Cryptocurrency Tax Reporting Requirements, Enforcement and Guidance

Laws, regulations, and standards are changing and being driven by the growth and popularity of cryptocurrency. How people obtain, hold, and transact with cryptocurrency is ripe with potential for innovation as well as regulation. Digitization, automation, AI, and new FinTech greatly impact and alter the financial system and investment industry and companies and governments are trying to keep up.

The recent Infrastructure Investment and Jobs Act (IIJA), signed into federal law on November 15th, 20201, requires cryptocurrency brokers to record transactions and track their customers for the IRS, similarly to the current method of requiring brokers to maintain form 1099-B, Proceeds from Broker and Barter Exchange Transactions, for each client. Starting in 2021, Section 80603 of IIJA requires cryptocurrency brokers to disclose the names, addresses, and phone numbers of their customers, the gross proceeds from sales, and any capital gains or losses. This expansion to cryptocurrency tax reporting requirements was controversial and the bipartisan Blockchain Caucus wrote a letter to House lawmakers raising concerns about how the the law “could drive blockchain software development, cryptocurrency mining, and similar opportunities out of the United States”.

The IIJA also amends the anti-money laundering “cash reporting” requirements of 26 U.S.C. § 6050I to encompass transactions in digital assets, beginning in 2024. This requires businesses that receive over $10,000 in cash or digital assets to file a Form 8300 with the IRS. Failure to comply with Section 6050I can result in civil penalties of up to $3 million per year, or higher if the failure is due to “intentional disregard” of filing requirements (see 26 U.S.C. §§ 6721, 6722).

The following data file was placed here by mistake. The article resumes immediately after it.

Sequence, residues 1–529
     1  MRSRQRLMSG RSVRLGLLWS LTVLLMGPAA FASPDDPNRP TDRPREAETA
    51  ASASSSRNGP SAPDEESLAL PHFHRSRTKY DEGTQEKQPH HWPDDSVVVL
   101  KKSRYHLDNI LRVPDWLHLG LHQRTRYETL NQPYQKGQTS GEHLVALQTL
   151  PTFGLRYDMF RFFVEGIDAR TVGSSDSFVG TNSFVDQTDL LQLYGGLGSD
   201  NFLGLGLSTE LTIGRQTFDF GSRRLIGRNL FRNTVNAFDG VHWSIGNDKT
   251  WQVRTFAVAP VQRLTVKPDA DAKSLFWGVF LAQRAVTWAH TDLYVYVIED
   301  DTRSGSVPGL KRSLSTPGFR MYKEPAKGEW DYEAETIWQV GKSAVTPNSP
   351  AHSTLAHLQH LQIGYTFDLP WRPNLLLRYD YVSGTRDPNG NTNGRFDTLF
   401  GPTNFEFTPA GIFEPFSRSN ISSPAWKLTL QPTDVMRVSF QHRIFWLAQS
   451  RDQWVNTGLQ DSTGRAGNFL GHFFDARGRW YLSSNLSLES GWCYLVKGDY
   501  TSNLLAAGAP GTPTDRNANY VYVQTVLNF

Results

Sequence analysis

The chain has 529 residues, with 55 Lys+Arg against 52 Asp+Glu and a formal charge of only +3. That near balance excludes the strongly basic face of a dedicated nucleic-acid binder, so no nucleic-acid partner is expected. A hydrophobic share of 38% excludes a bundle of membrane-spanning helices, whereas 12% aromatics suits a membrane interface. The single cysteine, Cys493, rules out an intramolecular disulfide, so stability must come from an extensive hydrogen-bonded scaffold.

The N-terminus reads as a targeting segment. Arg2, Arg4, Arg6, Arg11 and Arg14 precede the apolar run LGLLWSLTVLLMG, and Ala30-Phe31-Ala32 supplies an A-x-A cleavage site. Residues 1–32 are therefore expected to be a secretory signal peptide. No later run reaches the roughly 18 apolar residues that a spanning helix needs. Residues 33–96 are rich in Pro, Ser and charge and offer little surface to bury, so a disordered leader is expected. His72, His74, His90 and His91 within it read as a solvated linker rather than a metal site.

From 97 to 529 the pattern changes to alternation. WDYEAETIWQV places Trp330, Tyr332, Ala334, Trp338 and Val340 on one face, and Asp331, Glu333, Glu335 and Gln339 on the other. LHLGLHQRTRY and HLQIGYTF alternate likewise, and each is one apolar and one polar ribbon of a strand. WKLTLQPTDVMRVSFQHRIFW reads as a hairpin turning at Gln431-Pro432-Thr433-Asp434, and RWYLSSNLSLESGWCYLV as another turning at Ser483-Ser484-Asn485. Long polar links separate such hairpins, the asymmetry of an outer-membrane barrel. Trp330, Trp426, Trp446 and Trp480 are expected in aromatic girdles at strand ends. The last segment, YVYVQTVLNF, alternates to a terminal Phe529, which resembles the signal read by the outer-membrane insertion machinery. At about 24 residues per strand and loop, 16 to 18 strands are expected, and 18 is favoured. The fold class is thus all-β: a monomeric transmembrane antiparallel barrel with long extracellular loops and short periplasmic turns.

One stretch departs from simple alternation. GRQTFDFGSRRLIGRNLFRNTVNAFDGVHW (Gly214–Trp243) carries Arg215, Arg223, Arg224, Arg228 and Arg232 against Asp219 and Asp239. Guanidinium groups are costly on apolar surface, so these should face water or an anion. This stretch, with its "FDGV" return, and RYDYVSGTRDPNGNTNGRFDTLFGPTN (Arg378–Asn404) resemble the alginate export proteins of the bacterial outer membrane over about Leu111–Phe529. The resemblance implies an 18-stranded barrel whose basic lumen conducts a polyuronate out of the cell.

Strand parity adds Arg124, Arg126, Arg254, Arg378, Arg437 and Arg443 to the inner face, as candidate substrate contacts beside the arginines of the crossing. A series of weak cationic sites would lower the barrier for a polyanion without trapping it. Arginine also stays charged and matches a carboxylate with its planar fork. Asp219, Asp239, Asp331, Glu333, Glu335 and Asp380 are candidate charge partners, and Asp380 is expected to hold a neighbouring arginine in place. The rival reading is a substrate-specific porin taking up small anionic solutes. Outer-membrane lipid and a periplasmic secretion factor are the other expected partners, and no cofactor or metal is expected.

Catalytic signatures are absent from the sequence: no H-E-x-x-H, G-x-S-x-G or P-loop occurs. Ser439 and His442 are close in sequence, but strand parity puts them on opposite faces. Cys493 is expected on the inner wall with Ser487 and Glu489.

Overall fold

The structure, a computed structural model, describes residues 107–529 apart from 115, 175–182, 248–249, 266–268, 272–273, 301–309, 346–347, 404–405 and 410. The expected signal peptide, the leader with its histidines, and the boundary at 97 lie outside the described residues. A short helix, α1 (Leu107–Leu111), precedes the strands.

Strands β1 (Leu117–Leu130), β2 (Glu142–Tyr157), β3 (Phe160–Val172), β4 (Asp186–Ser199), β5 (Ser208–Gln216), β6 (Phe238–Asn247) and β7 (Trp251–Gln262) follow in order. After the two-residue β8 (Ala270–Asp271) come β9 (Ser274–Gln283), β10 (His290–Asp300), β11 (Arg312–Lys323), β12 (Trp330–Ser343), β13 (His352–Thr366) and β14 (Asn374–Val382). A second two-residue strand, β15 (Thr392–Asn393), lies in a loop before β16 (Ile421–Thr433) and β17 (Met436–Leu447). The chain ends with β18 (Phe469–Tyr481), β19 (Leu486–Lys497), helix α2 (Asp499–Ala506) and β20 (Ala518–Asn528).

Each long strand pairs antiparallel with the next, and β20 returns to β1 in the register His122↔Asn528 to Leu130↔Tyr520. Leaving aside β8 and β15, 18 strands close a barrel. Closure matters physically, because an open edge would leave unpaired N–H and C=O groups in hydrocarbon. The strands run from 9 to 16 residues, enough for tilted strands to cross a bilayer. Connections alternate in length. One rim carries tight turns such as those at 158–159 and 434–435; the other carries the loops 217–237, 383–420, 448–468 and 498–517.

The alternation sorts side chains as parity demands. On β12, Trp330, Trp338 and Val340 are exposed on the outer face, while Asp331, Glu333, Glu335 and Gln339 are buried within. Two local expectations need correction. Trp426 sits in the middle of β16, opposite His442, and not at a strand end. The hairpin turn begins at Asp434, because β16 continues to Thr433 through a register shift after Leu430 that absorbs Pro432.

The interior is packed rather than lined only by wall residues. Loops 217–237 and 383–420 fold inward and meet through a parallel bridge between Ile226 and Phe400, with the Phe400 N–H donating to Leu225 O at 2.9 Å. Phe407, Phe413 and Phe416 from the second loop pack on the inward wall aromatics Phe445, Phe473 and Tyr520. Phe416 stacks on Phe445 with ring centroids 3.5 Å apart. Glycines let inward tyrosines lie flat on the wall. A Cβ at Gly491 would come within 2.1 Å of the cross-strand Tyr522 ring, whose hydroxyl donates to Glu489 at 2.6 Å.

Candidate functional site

At the annual Securities Enforcement Forum hosted by the SEC, both SEC Chair Gary Gensler and Division of Enforcement Director Gurbir Grewal spoke of investor protection regulations, accountability, and pursuing misconduct. It is clear that the SEC seeks enforcement of current regulations and the creation of new regulations to promote accountability and stability in the cryptocurrency market.Chair Gensler said, "Without examination against and enforcement of our rules and laws, we can’t instill the trust necessary for our markets to thrive. Stamping out fraud, manipulation, and abuse lowers risk in the system...."

Gensler went on to say, "At the SEC, we follow the facts and the law, wherever they may lead, on behalf of investors and working families. That means holding individuals and companies accountable, without fear or favor, across the approximately $100 trillion capital markets we oversee."Rules, regulations, and official guidance are not only coming from the SEC, but other agencies will be involved. The Treasury Secretary and the IRS are expected to clarify the scope of the changes to the code the IIJA makes. It is also likely that further laws and regulations will come from the Federal Reserve Board, the Commodity Futures Trading Commission, and the Department of Treasury Financial Crimes Enforcement Network. With these expected changes and guidance, it is crucial for industry participants to be aware of upcoming changes to rules and regulations.



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